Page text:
Every New Year’s Eve or even birthdays, people make goals for the upcoming year ahead of them. You know exactly what you want to do, have a mental list and maybe even a concrete list already typed out to hold you accountable. You think by having this list of goals that you will do. Or, at least that is what people say. “You need to have goals in order to be successful.”
You may even already have your actions plans all mapped out for your goals. All you have to do is count: one, two, three…go!
Alas, it really isn’t that simple is it? I can’t just motivate myself by writing down a goal on a post-it-note and really believe that in an indefinite amount of time I’ll be able to cross that goal off my master list. For myself, sometimes the list of goals complicates or frustrates me more than it actually helps.
Your list can get pretty long when you sit down and think about what you really want. It can actually make you feel very muddled. Which goal is the most important? How long will it take me? What if I don’t achieve it!?
I, personally, had a hard time dealing with it and this is why.
A couple of years ago, I sat down and set out a dozen goals. I had that list of goals up on my bulletin board in plain view so I could see it anytime of the day. The goals were varying, from growing my family, business expanding and even purchasing a house.
I gave myself only one year to have a check mark beside every personal goal. Not really the most realistic thing. In just 6 months I gave up. There was just too much I was focusing on that I lost sight of each goal I had set.
It was my own personal shame that I felt like I was a failure. When I started draining the toilet, I did the only thing I could – ditch the plan and start fresh.
You need to keep your goals as basic as possible. And this can actually mean singling down everything you want to just one goal. That’s right, only one personal life goal. However, you need to make it demanding, realistic and it has to be huge!
Three steps have been laid out to urge you to review and reorganize your goals. It will essentially help you discover your ideal lifestyle.
Step 1: Identify your big personal goal
Imagine a picture of your entire life. Ensure it is a futuristic picture, looking down the road 5, 10 or even 20 years. What are you doing? Are you working on your own, owning your own business, do you work under someone, are you travelling? Make sure you write all the details down.
What is on the top of your list: work, family, travel, property, etc?
This is the most important question of them all: What probability do you want your personal goal to come true? 99%, 50%, 150%? If you badly want it to be true than this is the right goal. Your personal goals need to make you feel purposeful and motivate your life. Use your known talents since with no energy, your goals will only remain a though.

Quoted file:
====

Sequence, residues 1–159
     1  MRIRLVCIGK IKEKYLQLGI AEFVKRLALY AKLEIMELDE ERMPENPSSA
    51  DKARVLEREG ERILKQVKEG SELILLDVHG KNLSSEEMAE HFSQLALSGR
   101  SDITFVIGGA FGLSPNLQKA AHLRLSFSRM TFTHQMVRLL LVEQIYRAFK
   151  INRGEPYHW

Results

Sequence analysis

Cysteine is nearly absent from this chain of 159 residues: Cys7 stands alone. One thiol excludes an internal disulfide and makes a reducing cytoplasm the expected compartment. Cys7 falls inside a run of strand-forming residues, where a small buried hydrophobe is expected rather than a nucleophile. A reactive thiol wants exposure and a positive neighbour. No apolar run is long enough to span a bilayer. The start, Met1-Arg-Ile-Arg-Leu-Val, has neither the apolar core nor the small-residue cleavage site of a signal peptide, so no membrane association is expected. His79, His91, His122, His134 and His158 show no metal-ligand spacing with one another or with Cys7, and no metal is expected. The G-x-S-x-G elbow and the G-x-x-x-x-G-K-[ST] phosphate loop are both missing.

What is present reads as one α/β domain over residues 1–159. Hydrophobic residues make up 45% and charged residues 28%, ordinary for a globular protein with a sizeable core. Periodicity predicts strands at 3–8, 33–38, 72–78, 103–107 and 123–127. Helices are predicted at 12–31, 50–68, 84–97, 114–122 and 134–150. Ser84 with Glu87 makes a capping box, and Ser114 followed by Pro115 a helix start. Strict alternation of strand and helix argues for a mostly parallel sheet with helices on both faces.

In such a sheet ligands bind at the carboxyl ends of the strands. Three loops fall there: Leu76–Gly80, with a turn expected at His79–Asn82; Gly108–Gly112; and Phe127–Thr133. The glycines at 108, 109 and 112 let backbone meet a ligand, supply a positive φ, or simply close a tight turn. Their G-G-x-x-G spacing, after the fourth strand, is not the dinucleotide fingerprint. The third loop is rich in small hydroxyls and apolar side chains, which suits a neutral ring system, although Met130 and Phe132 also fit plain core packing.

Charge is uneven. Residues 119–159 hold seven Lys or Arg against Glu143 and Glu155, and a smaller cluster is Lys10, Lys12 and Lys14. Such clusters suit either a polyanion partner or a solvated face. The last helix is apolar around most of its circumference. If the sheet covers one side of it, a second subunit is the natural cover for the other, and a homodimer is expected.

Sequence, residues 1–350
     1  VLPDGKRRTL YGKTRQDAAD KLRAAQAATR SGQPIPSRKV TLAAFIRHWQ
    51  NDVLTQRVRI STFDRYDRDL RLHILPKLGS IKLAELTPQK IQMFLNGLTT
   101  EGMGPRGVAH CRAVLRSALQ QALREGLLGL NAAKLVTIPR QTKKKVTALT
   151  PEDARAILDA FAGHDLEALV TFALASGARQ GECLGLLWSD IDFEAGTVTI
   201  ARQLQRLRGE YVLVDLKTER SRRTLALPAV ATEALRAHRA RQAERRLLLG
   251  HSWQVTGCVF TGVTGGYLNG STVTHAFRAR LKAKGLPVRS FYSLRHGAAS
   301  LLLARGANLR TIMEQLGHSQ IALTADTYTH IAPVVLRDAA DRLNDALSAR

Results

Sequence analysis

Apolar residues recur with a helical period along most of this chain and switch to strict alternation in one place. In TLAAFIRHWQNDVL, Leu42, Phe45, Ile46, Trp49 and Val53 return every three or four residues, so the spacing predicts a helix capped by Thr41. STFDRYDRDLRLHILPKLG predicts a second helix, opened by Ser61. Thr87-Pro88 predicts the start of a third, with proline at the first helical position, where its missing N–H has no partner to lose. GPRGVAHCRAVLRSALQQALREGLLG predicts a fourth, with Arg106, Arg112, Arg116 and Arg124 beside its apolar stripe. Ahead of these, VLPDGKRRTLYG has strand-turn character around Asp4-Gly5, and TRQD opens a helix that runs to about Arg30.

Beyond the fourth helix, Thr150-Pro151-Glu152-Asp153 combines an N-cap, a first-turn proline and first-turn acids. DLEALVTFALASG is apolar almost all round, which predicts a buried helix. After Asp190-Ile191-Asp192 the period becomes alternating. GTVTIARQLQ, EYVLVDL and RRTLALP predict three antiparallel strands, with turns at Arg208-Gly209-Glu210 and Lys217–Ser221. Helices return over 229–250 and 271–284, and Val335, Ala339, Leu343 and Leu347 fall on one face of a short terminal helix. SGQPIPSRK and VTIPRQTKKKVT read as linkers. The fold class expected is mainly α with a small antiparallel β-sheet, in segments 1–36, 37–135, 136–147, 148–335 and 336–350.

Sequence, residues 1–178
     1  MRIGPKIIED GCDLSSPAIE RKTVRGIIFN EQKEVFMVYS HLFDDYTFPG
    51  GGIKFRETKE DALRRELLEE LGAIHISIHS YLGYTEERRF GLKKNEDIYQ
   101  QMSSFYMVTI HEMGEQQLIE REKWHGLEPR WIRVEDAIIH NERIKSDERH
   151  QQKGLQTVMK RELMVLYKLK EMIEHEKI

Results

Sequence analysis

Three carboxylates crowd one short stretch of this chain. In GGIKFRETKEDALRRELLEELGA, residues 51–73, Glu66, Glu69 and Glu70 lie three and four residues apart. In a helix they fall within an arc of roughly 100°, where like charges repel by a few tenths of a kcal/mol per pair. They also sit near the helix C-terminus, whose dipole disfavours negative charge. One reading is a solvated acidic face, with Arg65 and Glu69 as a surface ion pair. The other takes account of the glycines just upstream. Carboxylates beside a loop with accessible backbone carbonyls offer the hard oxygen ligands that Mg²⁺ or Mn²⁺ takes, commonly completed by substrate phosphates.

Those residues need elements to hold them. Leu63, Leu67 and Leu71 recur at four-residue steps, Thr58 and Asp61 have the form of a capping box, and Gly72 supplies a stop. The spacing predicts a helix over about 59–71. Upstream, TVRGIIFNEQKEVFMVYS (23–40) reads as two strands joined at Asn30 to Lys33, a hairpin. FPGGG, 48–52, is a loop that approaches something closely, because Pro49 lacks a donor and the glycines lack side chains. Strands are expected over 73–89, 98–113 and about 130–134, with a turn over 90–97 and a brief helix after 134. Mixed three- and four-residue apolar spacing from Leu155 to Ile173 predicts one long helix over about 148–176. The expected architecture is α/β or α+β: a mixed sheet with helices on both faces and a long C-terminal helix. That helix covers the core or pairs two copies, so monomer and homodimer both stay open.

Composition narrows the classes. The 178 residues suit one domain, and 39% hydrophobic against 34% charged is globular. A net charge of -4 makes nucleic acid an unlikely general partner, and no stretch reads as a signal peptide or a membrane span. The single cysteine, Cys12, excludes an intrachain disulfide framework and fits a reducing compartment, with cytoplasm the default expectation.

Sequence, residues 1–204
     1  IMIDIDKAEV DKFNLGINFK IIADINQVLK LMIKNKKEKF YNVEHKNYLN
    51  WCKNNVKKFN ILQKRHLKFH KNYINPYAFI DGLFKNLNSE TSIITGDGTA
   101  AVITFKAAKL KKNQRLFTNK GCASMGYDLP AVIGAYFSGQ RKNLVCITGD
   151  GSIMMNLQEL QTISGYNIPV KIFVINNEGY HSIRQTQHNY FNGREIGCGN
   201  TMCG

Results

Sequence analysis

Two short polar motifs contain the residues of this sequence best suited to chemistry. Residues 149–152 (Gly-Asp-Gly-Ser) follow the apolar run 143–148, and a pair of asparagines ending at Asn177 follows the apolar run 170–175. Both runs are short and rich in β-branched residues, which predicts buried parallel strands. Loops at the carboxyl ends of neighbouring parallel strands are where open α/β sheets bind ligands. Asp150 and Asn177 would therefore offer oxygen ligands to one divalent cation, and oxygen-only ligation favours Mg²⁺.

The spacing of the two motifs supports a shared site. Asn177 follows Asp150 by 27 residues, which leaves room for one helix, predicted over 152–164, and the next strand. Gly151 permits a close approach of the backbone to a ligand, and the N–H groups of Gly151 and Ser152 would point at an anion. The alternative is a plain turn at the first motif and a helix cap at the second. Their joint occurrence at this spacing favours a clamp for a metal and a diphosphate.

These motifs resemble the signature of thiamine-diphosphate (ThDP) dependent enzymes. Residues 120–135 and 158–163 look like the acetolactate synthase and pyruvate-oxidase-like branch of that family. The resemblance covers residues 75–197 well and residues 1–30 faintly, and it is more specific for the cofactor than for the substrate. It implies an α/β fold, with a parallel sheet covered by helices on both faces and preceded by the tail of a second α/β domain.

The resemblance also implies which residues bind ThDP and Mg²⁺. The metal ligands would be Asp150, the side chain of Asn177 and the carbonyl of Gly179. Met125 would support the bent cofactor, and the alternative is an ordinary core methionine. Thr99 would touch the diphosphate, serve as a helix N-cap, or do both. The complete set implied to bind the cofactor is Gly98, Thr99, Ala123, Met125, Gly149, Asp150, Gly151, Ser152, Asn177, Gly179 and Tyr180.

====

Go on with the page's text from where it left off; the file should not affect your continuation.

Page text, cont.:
Once you have recognized what personal goal is most important you need to immortalize it. Write it down, plasticize it, post it up. Make sure you read it on a daily basis. Robert Shemin taught me to own a wealth check. Lets say we choose financial freedom as our personal goal. A wealth check goes a little something like this:
- Date: When exactly do you want to be financially free? By the time I’m 40
- Amount: What is your goal income per month at that age? Lets say ~12500
- Services: What type of service can you offer to help reach your goal? Sharing my knowledge with others in order for them to do the same
- Pledge: Put your signature on this wealth check and keep it on you every day. Since you signed it you have to hold up that pledge on your personal goal.
Step 2: Select the path you will take to reach your goal
As you can see, this refers to your [services] section of your wealth check. You need to offer something to help move you along the way. How will you help the world?
Will you work for yourself, under your boss? Will you sell a service, a product or maybe even property!?
What you need to remember when choosing your path is that it needs to support your personal goal. In our example, we put down that we wanted to earn $12500 every month but this isn’t going to happen if you are working behind the counter at a sports store. Maybe, if you can work your way to owning a franchise of the store it may be possible.
Step 3: Plan your journey
Make sure you don’t get caught up make lists and planning. Get out there and find tasks that will help you reach your goal. Seek out what you need to physically do to get ahead.
True, it is best if you can keep a list of them and have them organized into completion date. This will help you remain focused but stay in the short term and don’t set dates past a few months time.
If you are one of those people who finds satisfaction in crossing out completed tasks from your list, then do it! But only once it is truly done. Once you can cross it off, you are able to jump to whatever is next on your list. Try to remember what activities you are doing on a daily and weekly basis.
And finally, don’t stress out if you aren’t on track to reaching your goal. If you can’t complete a task when you said you would then do another that you can complete and come back and finish the previous task when possible. Remember to mark and rejoice the successes you achieve alone the way. This will keep you going.
The best thing to do is write them down and assign dates to them. Timelines will keep you focused and accountable. Ideally, your to-do list must cover work activities for the next three months.
Once a certain task has been completed, cross it out and move onto the next one. To keep you on track, you must monitor the number of tasks you complete in each month or week.
Keeping going and always remember your ultimate personal goal.